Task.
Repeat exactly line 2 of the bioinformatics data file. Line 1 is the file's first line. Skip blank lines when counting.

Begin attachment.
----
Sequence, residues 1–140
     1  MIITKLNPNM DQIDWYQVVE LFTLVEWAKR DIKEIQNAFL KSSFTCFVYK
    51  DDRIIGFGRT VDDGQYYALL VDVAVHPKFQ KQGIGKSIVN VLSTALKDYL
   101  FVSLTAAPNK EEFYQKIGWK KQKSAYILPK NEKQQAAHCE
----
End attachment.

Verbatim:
     1  MIITKLNPNM DQIDWYQVVE LFTLVEWAKR DIKEIQNAFL KSSFTCFVYK